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California's climate change conundrum: Drier dries and wetter wets

California's challenge is to strike better balance for its life blood - water - for agriculture, cities and environment

California has a conundrum - how to deal with the convergence of dated physical infrastructure, higher temperatures, more wildfires, more rain than snow, and the effects of all of that on its life blood: water.

The last couple of years have been a harbinger of what the state faces. Years of record-breaking drought that emptied reservoirs and prompted unprecedented urban water conservation, segued into heavy rain that dumped record inches on northern California in 2016-2017. In early 2017, the main spillway at Lake Oroville, the state's second largest reservoir, collapsed, causing 200,000 people to be evacuated, and the state only narrowly escaped an even greater disaster.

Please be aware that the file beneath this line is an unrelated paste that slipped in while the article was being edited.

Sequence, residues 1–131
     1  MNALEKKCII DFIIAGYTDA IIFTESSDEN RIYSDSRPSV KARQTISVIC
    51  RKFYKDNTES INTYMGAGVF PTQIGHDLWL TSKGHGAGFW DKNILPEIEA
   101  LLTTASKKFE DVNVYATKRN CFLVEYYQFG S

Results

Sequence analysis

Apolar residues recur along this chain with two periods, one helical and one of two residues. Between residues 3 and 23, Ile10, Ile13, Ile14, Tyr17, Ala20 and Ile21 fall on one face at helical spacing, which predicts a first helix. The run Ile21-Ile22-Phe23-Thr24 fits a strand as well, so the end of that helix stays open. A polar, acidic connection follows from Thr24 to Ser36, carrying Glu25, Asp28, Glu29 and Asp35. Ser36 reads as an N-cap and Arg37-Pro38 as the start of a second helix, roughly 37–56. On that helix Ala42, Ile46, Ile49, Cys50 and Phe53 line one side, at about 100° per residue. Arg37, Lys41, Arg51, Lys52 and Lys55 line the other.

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A version of this article appeared in the print edition of The Straits Times on May 21, 2019, with the headline 'Climate change conundrum'. Print Edition | Subscribe